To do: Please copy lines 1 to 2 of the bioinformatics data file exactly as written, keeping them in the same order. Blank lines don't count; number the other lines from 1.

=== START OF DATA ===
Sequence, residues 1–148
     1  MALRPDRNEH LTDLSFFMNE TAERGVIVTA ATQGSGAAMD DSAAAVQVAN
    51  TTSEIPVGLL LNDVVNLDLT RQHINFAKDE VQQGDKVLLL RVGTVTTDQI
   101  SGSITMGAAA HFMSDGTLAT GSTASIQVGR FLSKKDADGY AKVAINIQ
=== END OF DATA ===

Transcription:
Sequence, residues 1–148
     1  MALRPDRNEH LTDLSFFMNE TAERGVIVTA ATQGSGAAMD DSAAAVQVAN